Posted by Frank Gagnier

Diane Hammerick




Diane’s presentation on the work being done by Kenya Partners in Nakuru Kenya included stories of survival, of death, of suffering but also stories of the amazing hope of its people even in the face of overwhelming challenges – like a recent disaster in one village where Kenya Partners volunteers, working together with its African counterparts, tended to the medical needs of over 1000 men, women and children who had been impacted by floods from a broken earthen dam.  She told the story of providing medical services to a grandmother and her grandson who had been rescued after being dug out of the mud.  Another story was of a teenage girl with a broken leg who had lost her mother after they were both swept away in the raging water.  Other patients were assisted with funds for advanced treatment at other facilities, while others received aid such as wheelchairs and walkers.  Kenya Partners even carried 21 young people, most of whom were single or double orphans, to its 600-bed boarding school, because the schools in the flood area had been destroyed.  These children now have a warm bed to sleep in, nutritious food to eat, teachers who teach and care for them, and regular follow-up with medical and counseling services.


These stories demonstrate how Kenya Partners’ efforts in Africa have been meeting the needs of those suffering from severe poverty.  It is the magnitude of that poverty that caused Diane to feel compelled “to do something” after visiting there in 2006.  She described the poverty as greater than any she had seen in her work with the homeless in NC and her work in Georgia with migrant agricultural farmworkers, her first career.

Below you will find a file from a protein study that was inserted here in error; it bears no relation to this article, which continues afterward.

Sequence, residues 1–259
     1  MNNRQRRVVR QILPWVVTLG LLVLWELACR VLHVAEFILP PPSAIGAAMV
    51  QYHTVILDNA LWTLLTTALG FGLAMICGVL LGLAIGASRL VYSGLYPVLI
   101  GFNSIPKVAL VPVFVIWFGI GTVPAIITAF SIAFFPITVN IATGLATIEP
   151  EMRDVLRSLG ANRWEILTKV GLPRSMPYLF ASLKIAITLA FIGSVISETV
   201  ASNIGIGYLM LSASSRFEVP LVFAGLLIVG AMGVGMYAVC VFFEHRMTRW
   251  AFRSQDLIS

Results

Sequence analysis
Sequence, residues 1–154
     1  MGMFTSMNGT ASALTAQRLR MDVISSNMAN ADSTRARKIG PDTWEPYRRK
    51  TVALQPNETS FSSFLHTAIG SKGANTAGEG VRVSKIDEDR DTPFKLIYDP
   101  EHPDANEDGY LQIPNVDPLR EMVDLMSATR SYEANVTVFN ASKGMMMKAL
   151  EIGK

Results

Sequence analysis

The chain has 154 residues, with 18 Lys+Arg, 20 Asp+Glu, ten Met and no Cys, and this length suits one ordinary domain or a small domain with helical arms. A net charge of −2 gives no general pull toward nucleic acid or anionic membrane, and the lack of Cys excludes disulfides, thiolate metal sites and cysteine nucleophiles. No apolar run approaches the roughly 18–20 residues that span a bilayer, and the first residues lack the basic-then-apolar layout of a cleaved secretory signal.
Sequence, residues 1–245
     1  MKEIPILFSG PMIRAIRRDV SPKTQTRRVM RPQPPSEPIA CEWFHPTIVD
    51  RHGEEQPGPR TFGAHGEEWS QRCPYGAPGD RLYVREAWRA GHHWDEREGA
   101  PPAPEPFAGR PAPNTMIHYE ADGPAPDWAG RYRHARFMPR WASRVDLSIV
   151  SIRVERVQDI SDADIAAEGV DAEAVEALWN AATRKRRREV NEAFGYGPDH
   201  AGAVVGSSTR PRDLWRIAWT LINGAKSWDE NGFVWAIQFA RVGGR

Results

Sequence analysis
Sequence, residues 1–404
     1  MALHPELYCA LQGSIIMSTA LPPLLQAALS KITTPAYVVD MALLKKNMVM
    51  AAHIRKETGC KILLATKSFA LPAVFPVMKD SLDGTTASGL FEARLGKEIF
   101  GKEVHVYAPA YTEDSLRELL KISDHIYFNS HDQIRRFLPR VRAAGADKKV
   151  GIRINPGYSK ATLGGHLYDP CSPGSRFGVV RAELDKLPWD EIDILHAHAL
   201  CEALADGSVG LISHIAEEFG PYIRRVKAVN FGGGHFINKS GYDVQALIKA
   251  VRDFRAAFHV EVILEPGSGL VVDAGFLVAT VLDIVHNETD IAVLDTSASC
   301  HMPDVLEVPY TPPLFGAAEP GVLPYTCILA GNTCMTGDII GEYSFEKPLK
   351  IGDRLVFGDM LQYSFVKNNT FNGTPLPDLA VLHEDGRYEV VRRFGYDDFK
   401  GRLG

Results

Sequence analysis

In 2006, she observed that 1 in 5 children died before reaching the age of 5, that women were dying in childbirth, that few children had the “luxury” of education, that malnutrition was resulting in stunted growth with serious impact upon brain development.  Many children, orphaned from the HIV/AIDS crisis, lived on the streets, or in makeshift cardboard houses, or with aging grandmothers who had trouble even feeding them. 


There is no government aid in Kenya, no food pantries, no soup kitchens, and no where for the suffering children to go.  Diane suggested that we need to love and care for our “neighbors” where ever they are - even if they are 8000 miles away.  To meet the needs of the suffering in Nakuru Kenya, Kenya Partners has a small hospital, the boarding school/orphanage and 2 other pre-school programs where almost 200 little ones receive a foundation in education preparing them for the boarding school.


To help sustain the programs, Kenya Partners seeks sponsors for orphans in the school, volunteers for mission teams, and others to work locally in the US to assist the all-volunteer organization, with no paid staff.  Another sustainability program is the Wenza Safaris tour company started by Kenya Partners.  All net receipts support the ongoing programs in Kenya.  Diane can plan a personalized safari for anyone interested even those not interested in doing mission work in Kenya stating she could save us a lot of money by going this route should anyone plan on eventually planning an African Safari. 


Kenya Partners big fundraising push is the Giving Hope Benefit Dinner set for Sunday, September 23 at Walkers Landing.  For only $75, attendees can enjoy a seated dinner by Horizons, hors d’oeuvres, wine & beer, music, and a Silent Auction.  Those interested in the dinner can reserve directly at:


To get more info about the Dinner, about sponsorship, about the mission trip next year leaving May 29, and about safaris with Wenza Safaris, you can also contact Diane directly at 336-210-3765 or


Thank you Diane for all you do for these children and then some!!!  And thank you for taking the time to bring our club up to speed with what's going on in Kenya and what we could all do to help if at all possible.

Past President Dr. David Page and Diane Hamrick